On a March evening in 1867, seven gentlemen associated with the brewing trade met in The Bank House, High Street, Burton on Trent, to discuss proposals for an infirmary in the town. The idea of building a hospital to serve local people had been mooted for some time, only now the sum of £450 was available, thanks to the legacy of a Mr Brough of Winshill.

Two-and-a-half years later, in October 1869, the original Burton Hospital was opened in Duke Street. The Infirmary and Dispensary had cost £2,300 to build and contained 22 beds, together with accommodation for nurses, domestics and the house surgeon. Despite plans for an official opening by the Marquess of Anglessey – a hero of The Battle of Waterloo – circumstances conspired to prevent this. Instead, in the words of surgeon and hospital historian Robert Bewick: “There were no fanfares, no civic receptions and no Marquess; the Infirmary simply opened its doors”.

A second infirmary was opened 30 years later, complete with 72 beds. Though of modest appearance, it contained every modern development of its day, including new casualty, outpatient and dispensary facilities.

wpe1.jpg (38640 bytes)In October 1942, during the World War II, Burton’s third infirmary was opened at a cost of £167,000. The war not only restricted the new hospital’s facilities (The only priority was beds – other accommodation had to wait) but it also affected staffing. Newly qualified doctors were allowed just six months in hospital before being called into war action. (Picture to the left is the entrance to the now demolished General Hospital).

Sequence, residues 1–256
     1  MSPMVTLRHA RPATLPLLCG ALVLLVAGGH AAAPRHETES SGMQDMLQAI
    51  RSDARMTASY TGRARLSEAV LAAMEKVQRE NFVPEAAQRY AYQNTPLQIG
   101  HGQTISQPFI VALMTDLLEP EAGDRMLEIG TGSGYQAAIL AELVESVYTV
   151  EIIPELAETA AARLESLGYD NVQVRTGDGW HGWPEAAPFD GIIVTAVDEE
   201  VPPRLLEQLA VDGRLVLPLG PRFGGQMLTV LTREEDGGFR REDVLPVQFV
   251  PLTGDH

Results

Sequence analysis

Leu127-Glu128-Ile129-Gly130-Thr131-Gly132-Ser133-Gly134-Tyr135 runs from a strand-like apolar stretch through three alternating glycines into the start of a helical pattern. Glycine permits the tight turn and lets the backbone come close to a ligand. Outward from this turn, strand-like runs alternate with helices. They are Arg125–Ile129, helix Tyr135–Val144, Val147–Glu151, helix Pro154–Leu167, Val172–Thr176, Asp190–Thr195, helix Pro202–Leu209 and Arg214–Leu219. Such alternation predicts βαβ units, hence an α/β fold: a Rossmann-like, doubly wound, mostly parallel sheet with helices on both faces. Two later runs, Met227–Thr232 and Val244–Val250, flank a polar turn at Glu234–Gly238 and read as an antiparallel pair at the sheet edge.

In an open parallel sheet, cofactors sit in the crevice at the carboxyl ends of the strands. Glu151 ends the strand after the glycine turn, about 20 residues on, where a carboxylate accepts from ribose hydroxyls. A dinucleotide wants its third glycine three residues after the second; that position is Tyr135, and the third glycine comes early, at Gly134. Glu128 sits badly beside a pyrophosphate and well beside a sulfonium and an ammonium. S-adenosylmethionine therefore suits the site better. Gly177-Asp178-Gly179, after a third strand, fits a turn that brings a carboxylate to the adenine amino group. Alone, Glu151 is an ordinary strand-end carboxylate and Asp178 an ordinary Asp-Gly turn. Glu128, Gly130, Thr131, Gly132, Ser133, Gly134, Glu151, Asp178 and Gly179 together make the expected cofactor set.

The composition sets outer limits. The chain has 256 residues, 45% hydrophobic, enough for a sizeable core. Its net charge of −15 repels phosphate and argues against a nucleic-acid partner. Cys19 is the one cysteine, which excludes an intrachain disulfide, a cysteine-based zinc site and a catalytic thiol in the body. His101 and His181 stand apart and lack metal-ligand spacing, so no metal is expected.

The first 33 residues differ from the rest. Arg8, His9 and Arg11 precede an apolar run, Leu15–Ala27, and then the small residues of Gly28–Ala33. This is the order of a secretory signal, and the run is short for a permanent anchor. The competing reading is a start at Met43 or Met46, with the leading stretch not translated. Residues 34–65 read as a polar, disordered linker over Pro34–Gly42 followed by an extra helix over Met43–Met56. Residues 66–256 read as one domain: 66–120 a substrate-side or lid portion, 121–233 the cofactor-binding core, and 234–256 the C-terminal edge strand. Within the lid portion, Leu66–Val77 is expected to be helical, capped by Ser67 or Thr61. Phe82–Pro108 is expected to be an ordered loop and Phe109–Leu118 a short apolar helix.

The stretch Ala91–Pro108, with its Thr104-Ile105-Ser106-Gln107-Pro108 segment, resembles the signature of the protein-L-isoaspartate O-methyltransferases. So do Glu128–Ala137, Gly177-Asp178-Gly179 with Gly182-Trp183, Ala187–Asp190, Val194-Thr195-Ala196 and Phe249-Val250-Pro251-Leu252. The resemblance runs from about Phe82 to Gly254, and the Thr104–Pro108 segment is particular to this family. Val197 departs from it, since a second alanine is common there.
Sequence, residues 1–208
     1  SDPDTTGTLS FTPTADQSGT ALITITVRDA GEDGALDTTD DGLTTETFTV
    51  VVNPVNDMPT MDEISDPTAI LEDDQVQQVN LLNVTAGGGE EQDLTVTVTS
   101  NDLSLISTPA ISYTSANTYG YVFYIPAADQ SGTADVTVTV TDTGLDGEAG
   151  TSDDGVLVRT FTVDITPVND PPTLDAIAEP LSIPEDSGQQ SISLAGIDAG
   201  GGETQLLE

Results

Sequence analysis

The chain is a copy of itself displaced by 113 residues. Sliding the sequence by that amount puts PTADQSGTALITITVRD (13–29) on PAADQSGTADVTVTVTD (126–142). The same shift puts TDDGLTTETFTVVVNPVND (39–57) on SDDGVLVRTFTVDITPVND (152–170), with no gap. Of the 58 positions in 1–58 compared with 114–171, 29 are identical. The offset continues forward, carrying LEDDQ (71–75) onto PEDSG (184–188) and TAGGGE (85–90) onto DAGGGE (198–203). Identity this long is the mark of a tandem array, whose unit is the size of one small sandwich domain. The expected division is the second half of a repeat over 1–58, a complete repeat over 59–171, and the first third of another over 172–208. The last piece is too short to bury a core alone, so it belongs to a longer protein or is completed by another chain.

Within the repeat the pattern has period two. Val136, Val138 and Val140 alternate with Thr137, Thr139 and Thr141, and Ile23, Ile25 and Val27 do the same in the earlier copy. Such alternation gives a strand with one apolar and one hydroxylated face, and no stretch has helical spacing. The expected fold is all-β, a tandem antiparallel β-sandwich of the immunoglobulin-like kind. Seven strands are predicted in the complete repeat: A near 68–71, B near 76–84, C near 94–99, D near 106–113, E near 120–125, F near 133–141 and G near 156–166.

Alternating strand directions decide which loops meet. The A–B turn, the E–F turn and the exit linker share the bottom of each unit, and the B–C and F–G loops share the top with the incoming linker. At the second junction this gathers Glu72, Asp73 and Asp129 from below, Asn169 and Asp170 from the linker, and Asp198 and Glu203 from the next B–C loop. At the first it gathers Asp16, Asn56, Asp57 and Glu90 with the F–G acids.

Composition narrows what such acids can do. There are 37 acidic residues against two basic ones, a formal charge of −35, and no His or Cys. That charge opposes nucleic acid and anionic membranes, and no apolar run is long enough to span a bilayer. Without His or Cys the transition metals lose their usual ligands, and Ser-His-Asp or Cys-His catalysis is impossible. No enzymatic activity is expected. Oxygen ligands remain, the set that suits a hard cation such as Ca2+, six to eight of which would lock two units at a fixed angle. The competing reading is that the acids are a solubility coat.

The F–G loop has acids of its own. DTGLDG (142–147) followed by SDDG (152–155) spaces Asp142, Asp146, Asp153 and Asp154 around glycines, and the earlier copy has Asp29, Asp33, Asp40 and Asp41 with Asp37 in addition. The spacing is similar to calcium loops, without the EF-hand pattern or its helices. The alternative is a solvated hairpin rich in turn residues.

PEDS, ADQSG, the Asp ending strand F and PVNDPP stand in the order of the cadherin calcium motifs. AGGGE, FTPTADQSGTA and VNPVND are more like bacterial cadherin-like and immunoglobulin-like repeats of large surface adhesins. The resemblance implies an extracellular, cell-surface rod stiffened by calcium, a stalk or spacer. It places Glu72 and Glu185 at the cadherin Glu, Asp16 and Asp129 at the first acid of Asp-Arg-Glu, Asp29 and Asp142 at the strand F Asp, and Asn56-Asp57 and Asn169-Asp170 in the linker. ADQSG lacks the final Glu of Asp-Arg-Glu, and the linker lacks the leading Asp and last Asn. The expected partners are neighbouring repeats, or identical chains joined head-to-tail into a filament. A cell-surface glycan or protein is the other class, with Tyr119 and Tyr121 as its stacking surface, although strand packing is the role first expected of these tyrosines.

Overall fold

The fourth hospital – Burton District Hospital – was opened in June 1971 on our present Belvedere Road site, just 102 years after the original Infirmary came into being. According to Robert Bewick, the new development was based on the vision that “the complete hospital requirements for the people of Burton from birth to death could be sited at a single location.”

It took a further 32 years for that vision to become reality. From 1971 to 1993 the district hospital in Belvedere Road, situated two miles north west of the town centre, comprised an outpatients department, accident and emergency, day treatment centre, orthopaedic wards and x-ray, together with maternity and care of the elderly services on the adjacent Outwoods site. These were complemented by the remaining general hospital facilities in the town centre (now closed), which included the majority of inpatient medical, surgical, eye, and ear, nose and throat services.

In 1990, a £34 million capital development was commenced, to replace all the general hospital facilities and provide all district general services on a single, modern site. The result was the new Burton Hospital, completed and commissioned by the end of 1993, and opened officially by Her Majesty The Queen on December 7, 1995. The following year the hospital changed its name to Queen’s Hospital.